Forbidden love, elopement, prison and a worldwide appeal for asylum. It has all the makings of a grand and epic romance.
Except that this is real life for Huda al-Niran, a Saudi woman who defied her family by following the man of her dreams into Yemen and straight into the hands of immigration officials.
The BBC reports that the 22-year-old woman fell in love with a 25-year-old Yemeni man who was working in Saudi Arabia. However, her family disapproved of the relationship and rejected the man's marriage proposal. Call it madness or call it love (both would be apt and are often interchanged, anyways), al-Niran crossed illegally from Saudi Arabia to Yemen, risking arrest, deportation and possible violence from her family if she were sent home.
Al-Niran was arrested at the border in October and charged with crossing illegally. If convicted, she would be sent back home. However, the young woman filed for for asylum. The Agence France Press notes that the approval of the request would make it extremely difficult for the Yemeni government to expel her out of the country.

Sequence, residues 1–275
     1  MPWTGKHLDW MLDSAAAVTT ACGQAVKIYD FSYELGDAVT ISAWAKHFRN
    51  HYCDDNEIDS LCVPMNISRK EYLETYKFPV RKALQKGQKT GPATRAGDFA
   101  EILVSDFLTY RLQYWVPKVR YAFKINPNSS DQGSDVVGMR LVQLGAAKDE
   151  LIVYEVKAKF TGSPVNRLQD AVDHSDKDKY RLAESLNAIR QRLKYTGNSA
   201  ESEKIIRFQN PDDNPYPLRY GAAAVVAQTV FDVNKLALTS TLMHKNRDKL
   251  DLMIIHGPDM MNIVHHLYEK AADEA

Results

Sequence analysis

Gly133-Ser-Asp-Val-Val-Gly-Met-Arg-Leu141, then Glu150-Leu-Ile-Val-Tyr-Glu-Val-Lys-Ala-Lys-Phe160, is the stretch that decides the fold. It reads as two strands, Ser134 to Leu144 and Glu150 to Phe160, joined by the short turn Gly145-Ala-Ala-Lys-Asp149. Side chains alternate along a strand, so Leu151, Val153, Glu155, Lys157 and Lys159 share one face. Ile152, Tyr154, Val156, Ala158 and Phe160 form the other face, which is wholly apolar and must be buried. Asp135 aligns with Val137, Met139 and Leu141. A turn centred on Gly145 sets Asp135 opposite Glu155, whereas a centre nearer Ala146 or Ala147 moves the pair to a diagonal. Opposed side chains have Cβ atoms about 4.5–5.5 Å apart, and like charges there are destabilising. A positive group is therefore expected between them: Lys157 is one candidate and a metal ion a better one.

As the U.S.-based Human Rights Watch said in a statement, al-Niran "fears physical harm from her family members, whom she said have beaten her in the past, if she is returned to Saudi Arabia."
The conflict extends beyond al-Niran's own family, though, and is complicated by greater tensions between the two countries. From land disputes, to power plays, to conflicting loyalties, the neighboring nations have had a long and fraught relationship.
According to AFP, Yemen has come under pressure by Saudi officials to deport the al-Niran, but the U.N. has stepped in to grant her protection while she applies for refugee status. U.N. officials expressed optimism that the young woman would succeed in getting asylum, which would leave her free to marry her Yemeni lover.
Like any great love story, al-Niran's is one that speaks for more than just the feelings between two people. The couple has won wide support in both Yemen and Saudi Arabia. During a recent court appearance, sympathizers gathered outside the building wearing headbands that read "We are all Huda."